I've been using Windows since the bad old days of Windows 3.0. I even used some of the older versions once or twice. Those were truly ugly, but things have changed over the years.
Back then, things would crash once you launched a program... or they didn't. It was part of the charm of using Windows.
Software would get better, and there were alternatives.
I disliked that "charm" of Windows so much that when OS/2 came around I happily jumped ship and stayed there much longer than most. It was A Better Windows than Windows, and remained so until Windows 2000 came out. I also embraced Linux and still use that daily to this day. Developing software and web pages on Linux have a freedom that you just don't get in some other environment.
Around that time we started seeing updates on a regular basis. Some would work, others not. Thanks to the politics of Microsoft, we were forced to install some rather onerous protection schemes inside of Windows whether we wanted it or not. It didn't protect the person sitting at the computer, just Microsoft.
That would be another reason why I stayed with OS/2 as long as I did.
Windows update would run whether you wanted it to or not, unless you went in and told it not to. But you dare not do that. Never do that because we know what you really want, really we do...
By the time everyone was happily running Windows XP, including me, we learned how to dodge the whole Windows Update nightmare until we wanted it, taming the beast just enough to get work done.
I went from XP to Windows 7 in a leap and I've been very happy with it. They changed that Windows Update beast to allow you to tell it not to restart immediately. Now you can delay it for up to Four Hours, and keep repeating that delay.
We won't talk about Windows Vista or Windows 8. Those were a mistake and hopefully will go away without another word. That's what happens when you let Focus Groups and Marketing run rampant within a software organization.
That delay is a very good thing since it would take that much for me to close up all my programs and windows and get to a "Logical Breakpoint". It also let me hide insipid software such as the Bing Desktop and Silverlight. Useless software from my view.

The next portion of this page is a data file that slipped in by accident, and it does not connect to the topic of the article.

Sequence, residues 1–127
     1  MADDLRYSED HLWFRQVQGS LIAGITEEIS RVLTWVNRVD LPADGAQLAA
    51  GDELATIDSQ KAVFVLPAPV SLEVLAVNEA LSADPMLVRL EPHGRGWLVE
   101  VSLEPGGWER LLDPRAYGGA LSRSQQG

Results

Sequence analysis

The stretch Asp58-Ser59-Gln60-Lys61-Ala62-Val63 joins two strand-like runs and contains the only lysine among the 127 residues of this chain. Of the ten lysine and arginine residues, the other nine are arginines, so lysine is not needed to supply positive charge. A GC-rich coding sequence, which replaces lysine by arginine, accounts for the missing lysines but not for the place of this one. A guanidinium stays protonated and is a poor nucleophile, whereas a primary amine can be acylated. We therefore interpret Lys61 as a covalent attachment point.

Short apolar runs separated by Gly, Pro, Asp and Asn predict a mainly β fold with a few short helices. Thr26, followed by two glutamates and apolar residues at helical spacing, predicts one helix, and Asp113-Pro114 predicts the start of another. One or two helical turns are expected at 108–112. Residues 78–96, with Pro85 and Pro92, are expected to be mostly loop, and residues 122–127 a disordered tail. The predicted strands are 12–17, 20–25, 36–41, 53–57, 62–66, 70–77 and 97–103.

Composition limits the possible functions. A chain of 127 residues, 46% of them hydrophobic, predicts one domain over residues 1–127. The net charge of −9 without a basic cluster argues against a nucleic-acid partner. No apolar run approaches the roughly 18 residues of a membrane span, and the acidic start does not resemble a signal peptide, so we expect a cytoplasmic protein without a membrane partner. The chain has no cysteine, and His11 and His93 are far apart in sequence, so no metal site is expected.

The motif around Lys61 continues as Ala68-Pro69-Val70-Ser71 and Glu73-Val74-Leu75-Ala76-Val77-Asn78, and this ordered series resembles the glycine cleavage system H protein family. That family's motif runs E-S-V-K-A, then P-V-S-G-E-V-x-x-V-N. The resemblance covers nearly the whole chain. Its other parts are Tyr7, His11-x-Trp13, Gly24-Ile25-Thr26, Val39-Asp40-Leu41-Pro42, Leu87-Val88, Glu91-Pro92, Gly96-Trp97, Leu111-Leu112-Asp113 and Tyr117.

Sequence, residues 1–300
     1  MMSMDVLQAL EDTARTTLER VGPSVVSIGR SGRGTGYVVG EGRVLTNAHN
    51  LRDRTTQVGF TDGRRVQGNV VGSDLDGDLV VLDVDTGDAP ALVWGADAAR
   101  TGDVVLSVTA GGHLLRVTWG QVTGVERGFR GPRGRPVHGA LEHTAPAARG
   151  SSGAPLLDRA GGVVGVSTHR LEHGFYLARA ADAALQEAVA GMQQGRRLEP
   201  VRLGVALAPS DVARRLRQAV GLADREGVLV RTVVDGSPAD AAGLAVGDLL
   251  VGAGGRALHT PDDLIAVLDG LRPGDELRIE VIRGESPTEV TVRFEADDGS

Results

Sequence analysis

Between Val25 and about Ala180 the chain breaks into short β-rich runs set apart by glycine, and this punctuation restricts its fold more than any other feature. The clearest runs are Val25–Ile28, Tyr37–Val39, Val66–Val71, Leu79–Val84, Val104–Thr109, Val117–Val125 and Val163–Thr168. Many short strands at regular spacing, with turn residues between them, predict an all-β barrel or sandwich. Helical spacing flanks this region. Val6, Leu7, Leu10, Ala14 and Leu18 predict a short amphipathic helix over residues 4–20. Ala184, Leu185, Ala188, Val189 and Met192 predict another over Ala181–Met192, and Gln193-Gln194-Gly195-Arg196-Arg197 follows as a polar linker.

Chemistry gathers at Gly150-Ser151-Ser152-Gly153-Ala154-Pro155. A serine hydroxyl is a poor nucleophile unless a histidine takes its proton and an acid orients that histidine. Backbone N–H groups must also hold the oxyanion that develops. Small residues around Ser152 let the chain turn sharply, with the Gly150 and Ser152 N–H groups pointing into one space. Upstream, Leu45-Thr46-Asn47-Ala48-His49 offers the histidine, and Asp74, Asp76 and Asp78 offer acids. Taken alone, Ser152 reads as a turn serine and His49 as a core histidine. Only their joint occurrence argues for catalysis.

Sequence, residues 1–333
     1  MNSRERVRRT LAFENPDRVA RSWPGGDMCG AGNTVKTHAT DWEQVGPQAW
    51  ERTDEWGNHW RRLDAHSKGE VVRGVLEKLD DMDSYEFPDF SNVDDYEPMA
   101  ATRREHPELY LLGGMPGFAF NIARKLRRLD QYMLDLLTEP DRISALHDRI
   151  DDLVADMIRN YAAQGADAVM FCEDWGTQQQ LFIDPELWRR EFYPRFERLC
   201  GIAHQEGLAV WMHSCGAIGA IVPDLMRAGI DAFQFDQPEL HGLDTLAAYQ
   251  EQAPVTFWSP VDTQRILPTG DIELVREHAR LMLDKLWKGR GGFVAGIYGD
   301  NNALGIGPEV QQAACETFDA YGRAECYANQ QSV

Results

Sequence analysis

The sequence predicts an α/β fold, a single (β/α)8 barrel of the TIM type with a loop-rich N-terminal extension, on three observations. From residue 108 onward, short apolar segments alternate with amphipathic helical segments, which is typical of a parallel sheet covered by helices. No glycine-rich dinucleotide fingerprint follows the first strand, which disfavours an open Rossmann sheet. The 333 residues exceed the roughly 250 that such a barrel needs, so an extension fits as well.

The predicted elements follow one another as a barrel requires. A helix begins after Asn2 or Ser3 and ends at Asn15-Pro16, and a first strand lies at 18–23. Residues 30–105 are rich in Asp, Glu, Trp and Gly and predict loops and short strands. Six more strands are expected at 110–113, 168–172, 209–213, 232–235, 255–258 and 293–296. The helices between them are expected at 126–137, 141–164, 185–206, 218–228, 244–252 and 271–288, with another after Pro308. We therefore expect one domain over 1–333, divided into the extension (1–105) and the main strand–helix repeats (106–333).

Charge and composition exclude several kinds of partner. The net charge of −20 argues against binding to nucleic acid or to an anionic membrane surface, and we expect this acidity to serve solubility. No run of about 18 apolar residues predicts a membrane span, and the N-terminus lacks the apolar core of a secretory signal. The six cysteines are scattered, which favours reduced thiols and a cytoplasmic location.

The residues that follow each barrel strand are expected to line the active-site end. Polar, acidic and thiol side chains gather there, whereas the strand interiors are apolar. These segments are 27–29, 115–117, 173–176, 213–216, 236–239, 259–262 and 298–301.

All of this came into my mind today in a flash when I saw the helpful little bubble in the lower right asking me if I wanted to update my Windows. *shudder*
The thing is that there was an update to Windows that said "This may require a restart". That's why I miss old Bill Gates. He may have ruined my nice little OS/2, but he also was a force to reckon with. There's a story or an urban legend about him that said if you had a change that would require a restart of Windows, you had to present it to Bill Gates himself. Climb that Ivory Tower to the Executive Suite, prostate yourself, and put your neck on the line. Hopefully you didn't have that neck chopped off!
Things have gotten a bit more sloppy since Bill Gates went on to being a professional philanthropist. I've noticed a forced restart once or twice, and that sent me back on my little tirade. Damn Windows!
Luckily, today wasn't that kind of an update. It took things in stride in my case. I went in and hid the Bing Desktop (Yuck) and the Silverlight (useless software that slows down Windows 7) and went on my way to do the other updates.
The computer later blew a bubble at me saying Windows Update had completed and I smiled at the little black Asus laptop. I was up to date and I didn't have to close the five windows of Firefox with over 100 tabs open, three copies of Excel, one of Libre Office, and all the rest of the work I was deeply involved in.
Now if they could just get rid of that wart called Internet Explorer. I truly hate when I have to run that piece of slop that has worked its way into Windows like mold in cheese.
But that is a rant for another day.
Thanks, Bill Gates... I'll get back to work now.